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2 Dec 2002 : Column 603W—continued


Simon Hughes : To ask the Secretary of State for the Home Department how many (a) men and (b) women reoffended after release from prison in 2001–02. [83672]

Hilary Benn: Self-reported reoffending rates are not currently measured. However reconviction rates for persons released from prison are published annually as National Statistics. Two year reconviction rates for persons released from prison in 2001–02 will not be available until 2004–05.

Resettlement Pathfinder Projects

Mr. Stinchcombe: To ask the Secretary of State for the Home Department what the interim results are from the evaluation, under the Crime Reduction Programme, of the resettlement pathfinder projects which run from January 2000 until April; and what plans he has for further investment in support for work with discharged prisoners. [82962]

Hilary Benn: An initial application for advice on the work piloted by resettlement pathfinders has already been submitted to the Correctional Services Accreditation Panel (formerly the Joint Accreditation Panel). The response from the panel was encouraging but indicated that further developmental work was required specifically in relation to young adult offenders, women and minority ethnic offenders. To allow for this further work to proceed the three current resettlement pathfinders (Parc, Hull and Lewes) have been extended and are scheduled to run to at least the autumn of 2003.

The core programme (For-A-Change) has now been piloted with a young adult offender group and plans are being developed to establish a new pathfinder project to be delivered to short-term female prisoners. The programme material is to be reviewed to ensure that it addresses the specific needs of minority ethnic offenders and those with low levels of literacy.

To ensure that this work adequately reflects recent national reports on resettlement published by the Social Exclusion Unit (SEU) and jointly by the probation and prisons inspectorates, a joint prison/probation service project board has been established. This board will focus on the needs of short-term prisoners (those serving less than 12 months).

The Criminal Justice Bill, published last week, includes proposed legislation for the introduction of 'custody plus'. The experience gained through the delivery of the current resettlement pathfinders will be used to inform planning undertaken by the National Probation Service and the prison services for the introduction of this new sentence.

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The report of the resettlement pathfinders evaluation, which will give interim findings, is currently being prepared for publication.

Sex Offenders

Mr. Hunter : To ask the Secretary of State for the Home Department how many (a) sex offender orders, (b) disqualification orders and (c) restraining orders are in place, and what assessment his Department has made of their effectiveness. [82673]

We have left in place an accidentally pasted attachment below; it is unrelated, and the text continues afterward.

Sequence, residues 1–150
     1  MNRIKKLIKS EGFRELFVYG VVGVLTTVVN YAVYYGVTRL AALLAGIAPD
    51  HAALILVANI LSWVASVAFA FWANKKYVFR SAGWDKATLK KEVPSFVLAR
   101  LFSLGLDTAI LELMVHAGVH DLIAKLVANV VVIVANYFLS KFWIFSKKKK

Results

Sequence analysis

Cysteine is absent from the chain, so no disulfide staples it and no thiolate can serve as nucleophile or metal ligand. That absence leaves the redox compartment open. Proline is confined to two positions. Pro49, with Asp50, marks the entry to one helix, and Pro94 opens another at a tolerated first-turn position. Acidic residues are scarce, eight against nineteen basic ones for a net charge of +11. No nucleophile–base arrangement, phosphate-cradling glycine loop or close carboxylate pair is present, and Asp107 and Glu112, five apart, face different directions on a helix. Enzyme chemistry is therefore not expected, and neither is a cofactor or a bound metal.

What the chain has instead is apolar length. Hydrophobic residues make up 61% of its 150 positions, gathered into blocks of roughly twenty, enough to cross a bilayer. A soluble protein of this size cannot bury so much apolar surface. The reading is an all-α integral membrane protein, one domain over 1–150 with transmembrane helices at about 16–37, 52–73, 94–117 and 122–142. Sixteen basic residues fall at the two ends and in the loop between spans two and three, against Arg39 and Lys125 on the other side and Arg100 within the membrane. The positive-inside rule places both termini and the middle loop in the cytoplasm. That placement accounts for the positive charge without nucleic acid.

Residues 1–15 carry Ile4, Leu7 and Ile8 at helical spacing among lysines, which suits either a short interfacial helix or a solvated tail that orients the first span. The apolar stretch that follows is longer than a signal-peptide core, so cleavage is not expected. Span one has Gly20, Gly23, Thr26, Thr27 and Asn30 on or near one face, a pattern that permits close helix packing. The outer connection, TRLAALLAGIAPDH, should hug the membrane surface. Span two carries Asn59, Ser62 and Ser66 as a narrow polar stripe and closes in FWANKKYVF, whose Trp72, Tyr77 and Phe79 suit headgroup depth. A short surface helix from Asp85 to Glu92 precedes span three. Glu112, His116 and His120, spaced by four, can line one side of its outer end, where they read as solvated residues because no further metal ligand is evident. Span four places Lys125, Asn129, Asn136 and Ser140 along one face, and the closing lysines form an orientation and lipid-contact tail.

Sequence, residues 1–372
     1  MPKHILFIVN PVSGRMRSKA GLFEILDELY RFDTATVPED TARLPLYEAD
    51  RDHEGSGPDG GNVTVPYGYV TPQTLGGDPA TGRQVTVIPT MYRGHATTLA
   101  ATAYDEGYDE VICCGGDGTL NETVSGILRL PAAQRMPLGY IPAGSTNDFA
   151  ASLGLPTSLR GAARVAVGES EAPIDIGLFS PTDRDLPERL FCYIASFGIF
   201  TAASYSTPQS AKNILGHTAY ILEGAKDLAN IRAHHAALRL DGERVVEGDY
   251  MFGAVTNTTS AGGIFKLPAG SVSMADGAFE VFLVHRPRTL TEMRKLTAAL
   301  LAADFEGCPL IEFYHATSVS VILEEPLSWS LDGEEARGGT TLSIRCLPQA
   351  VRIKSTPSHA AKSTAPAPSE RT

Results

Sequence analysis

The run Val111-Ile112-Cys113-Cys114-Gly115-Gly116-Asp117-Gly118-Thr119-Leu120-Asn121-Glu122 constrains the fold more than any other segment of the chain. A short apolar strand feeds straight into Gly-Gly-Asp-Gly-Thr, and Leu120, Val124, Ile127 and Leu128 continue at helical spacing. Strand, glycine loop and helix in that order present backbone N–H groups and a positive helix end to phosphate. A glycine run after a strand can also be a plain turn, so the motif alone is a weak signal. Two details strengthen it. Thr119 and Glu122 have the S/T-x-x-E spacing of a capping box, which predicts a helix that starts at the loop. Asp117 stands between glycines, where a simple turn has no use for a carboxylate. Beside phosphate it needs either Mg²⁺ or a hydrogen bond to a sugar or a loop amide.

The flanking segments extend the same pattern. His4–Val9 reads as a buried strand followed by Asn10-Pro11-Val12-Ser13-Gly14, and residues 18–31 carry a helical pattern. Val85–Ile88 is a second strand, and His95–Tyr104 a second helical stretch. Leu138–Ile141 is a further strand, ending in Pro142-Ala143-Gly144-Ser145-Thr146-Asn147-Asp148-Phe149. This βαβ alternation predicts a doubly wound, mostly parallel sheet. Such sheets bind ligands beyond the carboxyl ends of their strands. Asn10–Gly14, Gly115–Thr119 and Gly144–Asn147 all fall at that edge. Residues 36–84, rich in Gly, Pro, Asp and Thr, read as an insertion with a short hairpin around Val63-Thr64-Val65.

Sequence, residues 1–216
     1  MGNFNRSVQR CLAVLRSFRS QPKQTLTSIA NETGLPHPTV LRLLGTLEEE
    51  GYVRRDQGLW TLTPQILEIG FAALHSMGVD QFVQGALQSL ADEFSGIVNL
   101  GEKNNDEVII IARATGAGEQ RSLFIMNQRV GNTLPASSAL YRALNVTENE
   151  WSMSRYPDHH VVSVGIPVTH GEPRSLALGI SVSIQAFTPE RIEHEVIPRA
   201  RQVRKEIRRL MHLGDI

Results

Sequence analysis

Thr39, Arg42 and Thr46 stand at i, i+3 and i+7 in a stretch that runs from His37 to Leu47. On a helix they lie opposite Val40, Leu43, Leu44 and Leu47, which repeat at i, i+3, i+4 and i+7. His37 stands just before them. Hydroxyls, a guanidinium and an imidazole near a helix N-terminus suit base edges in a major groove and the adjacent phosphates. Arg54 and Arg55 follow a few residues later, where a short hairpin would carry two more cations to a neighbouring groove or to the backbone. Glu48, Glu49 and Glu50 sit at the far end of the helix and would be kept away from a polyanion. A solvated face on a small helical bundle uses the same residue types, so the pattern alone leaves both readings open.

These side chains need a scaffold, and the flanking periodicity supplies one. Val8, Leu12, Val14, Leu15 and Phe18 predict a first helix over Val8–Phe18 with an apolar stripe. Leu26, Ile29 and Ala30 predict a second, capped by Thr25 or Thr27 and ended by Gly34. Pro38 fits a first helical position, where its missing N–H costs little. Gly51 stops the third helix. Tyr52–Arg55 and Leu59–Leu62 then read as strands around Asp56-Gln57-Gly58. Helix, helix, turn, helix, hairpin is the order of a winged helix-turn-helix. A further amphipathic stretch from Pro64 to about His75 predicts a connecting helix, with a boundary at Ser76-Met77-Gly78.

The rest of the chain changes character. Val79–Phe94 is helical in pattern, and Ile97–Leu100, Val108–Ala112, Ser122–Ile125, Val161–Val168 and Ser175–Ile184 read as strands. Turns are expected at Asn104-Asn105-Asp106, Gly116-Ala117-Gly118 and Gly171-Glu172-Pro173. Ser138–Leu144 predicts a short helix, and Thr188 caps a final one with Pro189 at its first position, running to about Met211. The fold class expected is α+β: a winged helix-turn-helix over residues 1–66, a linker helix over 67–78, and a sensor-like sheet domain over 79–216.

Hilary Benn: There have been 173 sex offender orders made in England and Wales between 1 December 1998 and 31 March 2002.

Information on disqualification orders and restraining orders, introduced in 2001 are not yet available.

Paper 155 in the Police Research Series, published in the summer of 2002: XThe Police Perspective on Sex Offender Orders: A preliminary review of policy and practice" showed that the police found sex offender orders to be a useful tool and that orders were perceived to be a practical mechanism for a multi-agency approach to the management of high-risk sex offenders.

The Police Reform Act 2002 contained a number of changes to improve the effectiveness and flexibility of sex offender orders. This included the introduction of interim sex offender orders. Interim orders will enable arrangements to be put in place to protect the public before a decision on a full order has been taken by the Court. The changes will be implemented on 2 December and we have issued new guidance to the police and courts on using sex offender orders. Additionally, on 19 November we published our proposals for further legislation in this area in the Command Paper, XProtecting the Public." In relation to sex offenders, these proposals include:

Women Prisoners

Lynne Jones: To ask the Secretary of State for the Home Department what the (a) main categories of offence for women prisoners and (b) re-offending rates for drug offences among women prisoners were in each of the last five years. [82864]

Hilary Benn: Information requested on main offence categories of women is shown in the table.

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Women first received into prisons in England and Wales in 2001, by offence type and type of first reception

Offence groupTotalUntriedConvicted unsentencedSentencedNon-criminal
Violence against the person4,3185611915579
Sexual offences2910415
Theft and handling4,5871,3501,7151,522
Fraud and forgery678162117399
Drugs offences1,452763234455
Other offences2,981671530980
Offences not recorded997241255501

Re-offending rates are not normally measured as they rely on the self-reporting of offending by offenders. Such an approach can lead to questions over the reliability of data based on individuals' recollection and willingness to impart their offending behaviour to an official source.

However two-year reconviction rates for females released from prison after serving a sentence for a standard list drug offence are available. The rates are shown in the table.